The feast begins with the waiting staff asking if you’re OK with oysters. If you are, then they arrive as an amuse bouche topped with beurre blanc sauce and caviar.
ave you heard of The Sportsman in Kent? If you follow the UK’s restaurant scene, chances are this white-washed coastal pub has been on your radar for several years. If not, a brief introduction...
A “grotty rundown pub by the sea”, by admission of its own Twitter account, The Sportsman is a gnarled old boozer on a bleak, windswept stretch of coast in between Faversham and perennially-fashionable Whitstable. There’s evidence to suggest that some sort of inn has stood on the spot since 1642. The surrounding area of Seasalter was entered in the Domesday Book as belonging to the kitchens of Canterbury Cathedral.
Fast forward a few centuries, and self-taught chef Stephen Harris takes over The Sportsman, having previously worked as a history teacher, a punk musician and a financier in the City. Doing little to beautify the inside of the pub – and even less to the outside – Harris, along with his brother Phillip, begins creating a menu dedicated almost exclusively to ingredients available in the surrounding area. Fish and oysters come from the Thames Estuary, meat from local farms, and vegetables, where possible, from the pub’s garden.
In 2008, The Sportsman is awarded a Michelin star, which it still retains. In 2016, the pub scoops top spot at the National Restaurant awards. This year, it ranked number one on the Top 50 Gastropubs list – a position it also claimed in 2015, 2016, 2018 and 2019 (the pub was closed in 2020, due to the pandemic). You can also choose to stay at the Sportsman, but first, the food.
The pub reopened for guests earlier this summer and now serves only a five-course tasting menu, priced at £65 per person. I should warn you at this point that the restaurant is pretty much fully booked until the end of the year. However, give them a call, and you might just get lucky. We nabbed a table for two at lunch on a Wednesday.
Décor-wise, The Sportsman is nothing to write home about. A traditional British pub with mismatching wooden furniture, a provincial bar, a fireplace, and chairs that could have been acquired from a boot sale. Guests, for the most part, wear casual clothes and trainers. White Transit vans dot the car park.
Of course, no one comes for the interior design. The feast begins with the waiting staff asking if you’re OK with oysters. If you are, then they arrive as an amuse bouche topped with beurre blanc sauce and caviar. The oysters are followed by canapés of pork-and-apple and tomato-and-cheese. They are about as good as canapés can be.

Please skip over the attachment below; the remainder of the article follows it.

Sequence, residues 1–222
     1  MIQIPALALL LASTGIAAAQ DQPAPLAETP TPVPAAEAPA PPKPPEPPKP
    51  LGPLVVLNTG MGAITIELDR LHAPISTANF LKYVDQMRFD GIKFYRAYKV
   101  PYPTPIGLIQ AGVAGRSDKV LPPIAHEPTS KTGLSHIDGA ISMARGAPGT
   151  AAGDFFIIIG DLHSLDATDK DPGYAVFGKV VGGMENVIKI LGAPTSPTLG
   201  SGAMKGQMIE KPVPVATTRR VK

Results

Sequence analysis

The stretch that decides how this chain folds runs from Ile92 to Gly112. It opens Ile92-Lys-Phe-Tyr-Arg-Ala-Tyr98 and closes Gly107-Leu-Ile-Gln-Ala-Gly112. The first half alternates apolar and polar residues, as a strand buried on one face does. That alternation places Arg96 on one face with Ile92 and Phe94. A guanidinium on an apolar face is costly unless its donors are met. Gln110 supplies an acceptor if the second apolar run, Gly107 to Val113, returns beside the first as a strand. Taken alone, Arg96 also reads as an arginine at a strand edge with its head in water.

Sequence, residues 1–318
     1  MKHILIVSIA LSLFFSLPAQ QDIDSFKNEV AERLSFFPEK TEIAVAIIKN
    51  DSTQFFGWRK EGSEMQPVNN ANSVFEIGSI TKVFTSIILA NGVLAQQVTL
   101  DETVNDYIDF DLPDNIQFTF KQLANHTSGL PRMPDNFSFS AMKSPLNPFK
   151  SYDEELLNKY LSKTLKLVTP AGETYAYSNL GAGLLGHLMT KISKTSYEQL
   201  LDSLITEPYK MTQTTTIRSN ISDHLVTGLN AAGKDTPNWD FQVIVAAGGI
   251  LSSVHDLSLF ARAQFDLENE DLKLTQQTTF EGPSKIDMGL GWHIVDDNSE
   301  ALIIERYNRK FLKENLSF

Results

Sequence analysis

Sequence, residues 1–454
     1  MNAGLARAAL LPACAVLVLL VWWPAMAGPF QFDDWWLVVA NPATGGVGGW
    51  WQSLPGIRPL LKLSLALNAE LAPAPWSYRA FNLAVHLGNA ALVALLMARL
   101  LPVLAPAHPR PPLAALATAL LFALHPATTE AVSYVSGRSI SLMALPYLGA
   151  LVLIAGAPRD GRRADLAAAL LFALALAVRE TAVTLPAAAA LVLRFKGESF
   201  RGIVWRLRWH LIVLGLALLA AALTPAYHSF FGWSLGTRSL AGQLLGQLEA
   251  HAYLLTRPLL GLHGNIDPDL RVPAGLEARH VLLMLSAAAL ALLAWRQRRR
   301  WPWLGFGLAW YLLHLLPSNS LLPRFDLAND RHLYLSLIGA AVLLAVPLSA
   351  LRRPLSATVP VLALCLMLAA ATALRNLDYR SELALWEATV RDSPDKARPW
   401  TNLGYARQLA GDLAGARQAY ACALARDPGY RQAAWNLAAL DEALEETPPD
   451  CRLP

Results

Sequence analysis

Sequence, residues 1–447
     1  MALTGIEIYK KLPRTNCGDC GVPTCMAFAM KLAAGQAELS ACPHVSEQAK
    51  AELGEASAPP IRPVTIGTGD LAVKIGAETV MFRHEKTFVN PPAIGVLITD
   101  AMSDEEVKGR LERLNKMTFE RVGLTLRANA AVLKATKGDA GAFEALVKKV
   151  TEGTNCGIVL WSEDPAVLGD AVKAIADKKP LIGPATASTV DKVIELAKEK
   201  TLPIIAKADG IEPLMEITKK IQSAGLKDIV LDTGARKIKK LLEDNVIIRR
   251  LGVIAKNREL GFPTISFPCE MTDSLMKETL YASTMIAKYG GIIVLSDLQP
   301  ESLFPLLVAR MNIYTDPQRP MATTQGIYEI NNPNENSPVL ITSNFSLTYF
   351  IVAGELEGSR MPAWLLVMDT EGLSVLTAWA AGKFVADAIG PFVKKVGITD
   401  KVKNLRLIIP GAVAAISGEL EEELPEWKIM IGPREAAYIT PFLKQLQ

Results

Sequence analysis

In the bread basket is a selection of sourdough, focaccia and a spicy soda bread that you’ll want to eat every crumb of. Butter is home-churned and salt comes from the nearby marshes. Although it’s a tasting menu, you’re given four choices for each dish. To begin, I opted for cured trout fillet with apple, sorrel granita and seaweed. The combination of sweet, sour, salt and sea was a delight.
Next, braised halibut with chorizo sauce and black olive: moist, delicate and with a pleasant, spicy kick. The roast breast of Aylesbury duck (served pink) with blackberries and pistachios was glorious in balancing crispiness and sweetness. It was accompanied by wonderful, melting ratatouille potatoes.
The gentle flavour of a panna cotta made with wild flowers from the garden cleansed the palate for a raspberry soufflé with raspberry ripple ice cream – a classic done brilliantly. I skipped the coffee, which ordinarily would have meant missing out on a homemade macaron. The staff – attentive and friendly throughout – brought me one anyway.
If you’d like to combine a visit to the restaurant with an overnight stay, then book one of The Sportsman’s six charming cabins. You’ll find them at the back of the garden, but not on the restaurant’s website. Each cabin houses a large bedroom, en suite bathroom, fully-equipped kitchen and a comfortable living room. Thoughtful touches include a welcome letter on arrival, fluffy robes in the bathroom and a sewing kit next to the bed. Inside, each cabin has been decorated by a different artist. The Blue Cabin, they are all coded by colour, featured artwork by mosaic specialist Kimmy McHarrie. You can purchase the pieces of art that hang on the walls.
Cometh morning, cometh a breakfast basket brimming with homemade granola, cornflakes, yoghurt, honey, marmalade, orange juice, milk, butter and amazingly airy, freshly-baked bread. There is tea, coffee, sugar. Everything, essentially, to set you up for a day on Whitstable’s postcard-pretty pebbled coastline, just a short stroll away.
The tasting menu at The Sportsman costs £65 per head; A stay in a cabin costs £160 for the first night and then £140 per night thereafter, thesportsmanseasalter.co.uk